ONU: la Suisse prend position contre la peine de mort pour usage de drogue


Lors de la rencontre interministérielle de haut niveau, les 13-14 mars 2014 à Vienne, la Suisse a donné de la voix et fait entendre une positon courageuse.

Elle se prononce contre la peine de mort pour des crimes liés aux drogues et combat les traitements forcés et dégradants contrevenant aux droits humains. De plus, elle réclame de la souplesse dans l'application des textes pour permettre le développement de projets pilotes novateurs sur le terrain. En effet, les villes suisses sont, aujourd'hui, à nouveau en mouvement sur la question des drogues et réfléchissent à de nouveaux modèles, notamment en matière de réglementation du marché.

Rencontre interministérielle de Haut Niveau - Déclaration de la Suisse

Mr. Chairman, Excellencies,
Ladies and Gentlemen,

The international community is facing unprecedented challenges in the fight against drugs. Markets and patterns of consumption are changing ever more rapidly. Meanwhile progress in reducing supply and demand is limited.
The Member States have negotiated very hard to come to a consensus on the text we have in front of us today. Switzerland is aware of all the efforts that have been made. Nevertheless, my country is left feeling that some issues might have deserved more attention. In this regard we would like to highlight the following:

  1. We are particularly concerned about the fact that individuals are being deprived of their lives for drug offences. Switzerland unequivocally rejects the concept that a person may be killed in the name of justice. Capital punishment has no place in the modern world.
  2. We are also concerned about practices that go on in the name of “therapy” or “rehabilitation”: practices such as forced detention, forced labour, and physical or psychological abuse that contravene states’ human rights obligations. There is no evidence that such practices are effective, and we call for their abolition.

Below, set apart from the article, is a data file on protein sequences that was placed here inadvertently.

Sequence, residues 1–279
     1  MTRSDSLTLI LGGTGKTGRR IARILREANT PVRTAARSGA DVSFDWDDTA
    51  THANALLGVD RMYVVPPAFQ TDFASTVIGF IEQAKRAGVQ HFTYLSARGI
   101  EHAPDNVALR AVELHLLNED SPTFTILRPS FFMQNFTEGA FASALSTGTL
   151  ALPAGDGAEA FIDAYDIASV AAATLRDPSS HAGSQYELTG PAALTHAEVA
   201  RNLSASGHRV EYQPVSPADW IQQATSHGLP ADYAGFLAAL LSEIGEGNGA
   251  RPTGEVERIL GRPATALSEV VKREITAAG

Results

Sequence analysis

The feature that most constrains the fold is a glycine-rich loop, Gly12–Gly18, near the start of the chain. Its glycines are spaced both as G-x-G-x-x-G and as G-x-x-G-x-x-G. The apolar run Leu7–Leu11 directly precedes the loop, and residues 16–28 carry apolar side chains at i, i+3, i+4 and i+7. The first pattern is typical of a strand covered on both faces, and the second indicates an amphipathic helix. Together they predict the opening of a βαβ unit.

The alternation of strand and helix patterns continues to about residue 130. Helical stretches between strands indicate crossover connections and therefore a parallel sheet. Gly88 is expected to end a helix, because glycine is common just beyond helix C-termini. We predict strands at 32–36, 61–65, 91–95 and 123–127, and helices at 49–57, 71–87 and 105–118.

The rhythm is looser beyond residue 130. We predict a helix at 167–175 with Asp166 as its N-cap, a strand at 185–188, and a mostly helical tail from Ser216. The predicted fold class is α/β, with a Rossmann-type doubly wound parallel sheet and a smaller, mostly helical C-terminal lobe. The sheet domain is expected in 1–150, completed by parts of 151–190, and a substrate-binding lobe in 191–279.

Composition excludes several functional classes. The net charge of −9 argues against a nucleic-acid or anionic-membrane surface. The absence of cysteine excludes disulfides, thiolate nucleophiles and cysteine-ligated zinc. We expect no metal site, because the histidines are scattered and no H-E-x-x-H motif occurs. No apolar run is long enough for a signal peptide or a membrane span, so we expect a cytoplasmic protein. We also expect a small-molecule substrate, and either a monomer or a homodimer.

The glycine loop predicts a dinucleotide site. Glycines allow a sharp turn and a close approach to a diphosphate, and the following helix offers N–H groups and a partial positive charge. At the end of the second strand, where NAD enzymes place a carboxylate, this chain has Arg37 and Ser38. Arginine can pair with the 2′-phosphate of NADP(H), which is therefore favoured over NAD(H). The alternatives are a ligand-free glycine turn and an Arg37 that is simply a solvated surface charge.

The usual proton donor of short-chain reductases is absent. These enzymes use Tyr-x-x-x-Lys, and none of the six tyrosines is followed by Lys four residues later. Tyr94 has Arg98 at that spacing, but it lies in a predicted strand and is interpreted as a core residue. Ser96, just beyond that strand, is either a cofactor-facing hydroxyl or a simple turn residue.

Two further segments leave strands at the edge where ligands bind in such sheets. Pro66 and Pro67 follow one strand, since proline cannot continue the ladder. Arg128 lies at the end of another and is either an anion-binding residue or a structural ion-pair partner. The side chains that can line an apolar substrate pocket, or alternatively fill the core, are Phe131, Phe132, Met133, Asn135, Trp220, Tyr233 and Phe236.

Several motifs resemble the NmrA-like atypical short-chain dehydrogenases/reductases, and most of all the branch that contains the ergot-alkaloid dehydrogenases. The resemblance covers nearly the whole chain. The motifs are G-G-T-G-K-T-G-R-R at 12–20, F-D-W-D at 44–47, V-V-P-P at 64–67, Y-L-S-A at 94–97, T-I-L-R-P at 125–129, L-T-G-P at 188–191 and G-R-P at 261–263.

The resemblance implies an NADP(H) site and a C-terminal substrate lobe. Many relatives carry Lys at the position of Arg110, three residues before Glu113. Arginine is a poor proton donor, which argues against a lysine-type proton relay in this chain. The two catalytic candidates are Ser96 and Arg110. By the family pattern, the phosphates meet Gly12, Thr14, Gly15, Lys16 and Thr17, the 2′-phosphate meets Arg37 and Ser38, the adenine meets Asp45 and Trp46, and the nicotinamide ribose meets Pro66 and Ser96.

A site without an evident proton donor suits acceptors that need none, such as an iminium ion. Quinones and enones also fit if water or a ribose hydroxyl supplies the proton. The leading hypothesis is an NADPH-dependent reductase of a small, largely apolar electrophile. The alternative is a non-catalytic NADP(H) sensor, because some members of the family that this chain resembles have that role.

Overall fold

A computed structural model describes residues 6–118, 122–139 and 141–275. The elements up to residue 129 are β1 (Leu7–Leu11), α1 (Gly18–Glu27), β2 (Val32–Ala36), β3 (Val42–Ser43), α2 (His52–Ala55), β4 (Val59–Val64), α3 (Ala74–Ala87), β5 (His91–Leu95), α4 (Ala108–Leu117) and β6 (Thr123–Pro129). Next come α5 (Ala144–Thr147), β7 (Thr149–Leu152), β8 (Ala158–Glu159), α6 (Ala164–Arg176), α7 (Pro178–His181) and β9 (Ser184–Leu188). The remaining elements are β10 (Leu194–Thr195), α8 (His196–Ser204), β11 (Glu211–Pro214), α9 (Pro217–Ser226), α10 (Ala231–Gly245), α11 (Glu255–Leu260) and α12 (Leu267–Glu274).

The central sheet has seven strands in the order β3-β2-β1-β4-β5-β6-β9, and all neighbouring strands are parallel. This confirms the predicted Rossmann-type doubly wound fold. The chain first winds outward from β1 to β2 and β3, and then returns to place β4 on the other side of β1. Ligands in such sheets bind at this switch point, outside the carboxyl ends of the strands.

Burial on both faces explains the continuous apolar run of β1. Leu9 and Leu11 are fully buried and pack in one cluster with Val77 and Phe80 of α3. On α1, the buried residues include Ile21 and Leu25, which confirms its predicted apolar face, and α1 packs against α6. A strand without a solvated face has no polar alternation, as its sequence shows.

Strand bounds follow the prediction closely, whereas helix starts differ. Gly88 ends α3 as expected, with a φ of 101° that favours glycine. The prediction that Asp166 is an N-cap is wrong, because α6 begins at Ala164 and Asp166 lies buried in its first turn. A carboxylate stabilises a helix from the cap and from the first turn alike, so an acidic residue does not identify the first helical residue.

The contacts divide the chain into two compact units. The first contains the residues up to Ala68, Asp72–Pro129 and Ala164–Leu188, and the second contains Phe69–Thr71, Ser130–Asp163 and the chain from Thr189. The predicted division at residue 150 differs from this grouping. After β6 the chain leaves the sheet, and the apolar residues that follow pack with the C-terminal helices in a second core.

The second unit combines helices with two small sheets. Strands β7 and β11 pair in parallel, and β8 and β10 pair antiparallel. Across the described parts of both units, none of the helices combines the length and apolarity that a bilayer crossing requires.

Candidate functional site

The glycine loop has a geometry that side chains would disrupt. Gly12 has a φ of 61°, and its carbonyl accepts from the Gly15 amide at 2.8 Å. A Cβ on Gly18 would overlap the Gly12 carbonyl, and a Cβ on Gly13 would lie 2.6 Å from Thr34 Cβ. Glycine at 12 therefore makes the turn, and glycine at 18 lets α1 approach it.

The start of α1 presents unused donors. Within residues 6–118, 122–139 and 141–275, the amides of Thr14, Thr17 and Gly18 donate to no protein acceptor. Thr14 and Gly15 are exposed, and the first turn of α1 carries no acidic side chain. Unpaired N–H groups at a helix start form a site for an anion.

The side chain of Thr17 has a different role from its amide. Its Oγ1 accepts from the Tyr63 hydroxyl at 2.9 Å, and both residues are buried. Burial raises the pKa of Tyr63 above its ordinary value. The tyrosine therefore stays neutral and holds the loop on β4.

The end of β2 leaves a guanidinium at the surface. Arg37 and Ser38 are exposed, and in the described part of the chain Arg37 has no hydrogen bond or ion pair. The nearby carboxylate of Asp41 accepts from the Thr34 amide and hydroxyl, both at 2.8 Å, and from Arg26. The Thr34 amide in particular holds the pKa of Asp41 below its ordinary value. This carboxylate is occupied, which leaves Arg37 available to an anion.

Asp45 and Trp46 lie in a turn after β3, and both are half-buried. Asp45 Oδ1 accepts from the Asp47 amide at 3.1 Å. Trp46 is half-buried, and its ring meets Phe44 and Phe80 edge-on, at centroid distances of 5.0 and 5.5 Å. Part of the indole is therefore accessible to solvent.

3. According to UNAIDS the global goal of halving HIV infections among people who inject drugs by 2015 will not be reached. Criminalization, stigma and discrimination deter people with HIV from seeking health-care and social services. Countries that implemented harm reduction and public health strategies early have experienced consistently low rates of HIV transmission among people who inject drugs. We therefore encourage improving access to sterile syringes and other harm reduction measures that are scientifically proven to be effective in reducing the transmission of HIV and other blood-borne infections.
  4. It is our obligation to apply the most appropriate means of protecting public health, public safety and safeguarding people’s welfare. That is why pilot projects and new approaches developed in their specific contexts as well as their scientific evaluation are so important in improving the efficacy and efficiency of our interventions in the field. Therefore, Switzerland actively supports harm reduction activities and considers them to be within the scope and the spirit of the three UN drug conventions.
  5. We are concerned by the tragedy of the inadequate availability of opioid analgesics. The WHO estimates that millions of people annually fail to receive adequate treatment for moderate to severe pain. We need to recognize their suffering as an unintended and unacceptable side-effect of drug control. We are responsible for ensuring the availability of internationally controlled substances for medical and scientific purposes, and we urgently need to address this challenge.


Here in Vienna we have the opportunity to review progress made with an open mind and a spirit of shared responsibility. It is time for an approach that includes all UN agencies that deal with the effects of the world drug problem. It is also time to consider drug policies that take people’s health and safety into account. Respecting and fostering the human rights of all people, including those who use drugs is an imperative.

Mr. Chairman, thank you.